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Insurance Company Bad Faith Tactics and Examples

Being injured or suffering property damage is difficult enough. It's even worse when your insurance company doesn't live up to their end of the insurance contract.

Providers in the insurance industry must appropriately handle legitimate claims. General contract and insurance law principles require insurers to meet contractual obligations. Your insurance company must investigate, negotiate, and settle claims in good faith.

On most occasions, the claims process proceeds as expected. If the insurance company violates this duty, it can be liable for its bad-faith actions in court. Bad faith insurance claims happen when an insurer does not behave in a fair and appropriate way while processing a claim. It is defined as dishonest or unfair practices.

Review these insurance company bad faith tactics and examples. They can help you identify whether your insurance company is acting in bad faith. For additional assistance, contact an experienced insurance law attorney in your area.

Common Bad Faith Insurance Tactics

States often define insurance companies' bad faith insurance practices. Examples of bad faith insurance practices can vary, but there are some common elements.

A common law claim requires proof that the insurer's conduct was unreasonable and that the insurer knew or recklessly disregarded the fact that its conduct was unreasonable.

A statutory claim may have a lower standard of proof. Such a claim may only require that a benefit to which the insured was entitled under the policy had an unreasonable delay or was denied. A bad faith case can arise under any number of different circumstances. Getting legal help is essential.

An experienced bad faith insurance claim attorney can provide legal advice. If you believe your insurer has engaged in any of the common bad faith tactics listed below, they can explain whether you have grounds for a bad faith lawsuit .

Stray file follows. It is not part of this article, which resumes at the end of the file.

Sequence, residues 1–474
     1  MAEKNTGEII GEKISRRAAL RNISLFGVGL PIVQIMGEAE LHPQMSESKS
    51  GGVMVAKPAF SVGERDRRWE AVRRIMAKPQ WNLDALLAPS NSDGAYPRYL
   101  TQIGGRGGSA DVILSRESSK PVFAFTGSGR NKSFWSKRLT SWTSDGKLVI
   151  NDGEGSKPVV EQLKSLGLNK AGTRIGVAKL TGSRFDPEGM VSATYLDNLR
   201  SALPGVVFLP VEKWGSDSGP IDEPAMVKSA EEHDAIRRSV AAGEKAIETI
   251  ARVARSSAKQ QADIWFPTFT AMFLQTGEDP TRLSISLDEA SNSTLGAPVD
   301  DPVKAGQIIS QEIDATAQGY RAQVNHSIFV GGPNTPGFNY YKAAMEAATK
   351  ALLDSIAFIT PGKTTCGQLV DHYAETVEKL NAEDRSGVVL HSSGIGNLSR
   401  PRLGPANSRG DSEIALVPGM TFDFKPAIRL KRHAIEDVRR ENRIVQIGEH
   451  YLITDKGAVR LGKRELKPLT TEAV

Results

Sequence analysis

Below are some examples of bad faith insurance claims.

Unreasonable Delays

An insurance company may drag out the time it takes to investigate a claim before agreeing to pay. This tactic tests whether the policyholder will give up pursuing the claim. Most states set deadlines for an insurance company to accept or deny a claim. This timeframe ranges from 15 to 60 days.

EXAMPLE: An insured has a homeowners insurance policy. The home suffers water damage from a broken pipe. After the policyholder submits a first-party claim, the insurance company delays investigating the claim for over two months. The insurer delays the claim in hopes that the insured handle the problem without further pursuing the insurance claim.

Failure To Conduct a Complete Investigation

Every insurance policy contains an implied duty of good faith and fair dealing. This requires an insurance company to conduct prompt and thorough investigations into a policyholder's claim.

EXAMPLE: An insured has an auto insurance policy with comprehensive coverage for the vehicle that covers any damage to the car. The policyholder submits a claim to the insurer when the vehicle sustains damage while parked on the street. The claims adjuster makes a couple of phone calls to the policyholder and denies the claim. The claims adjuster concluded that the claimed damage to the car was pre-existing. The adjuster did not consider the repair shop estimates or inspect the damage in person.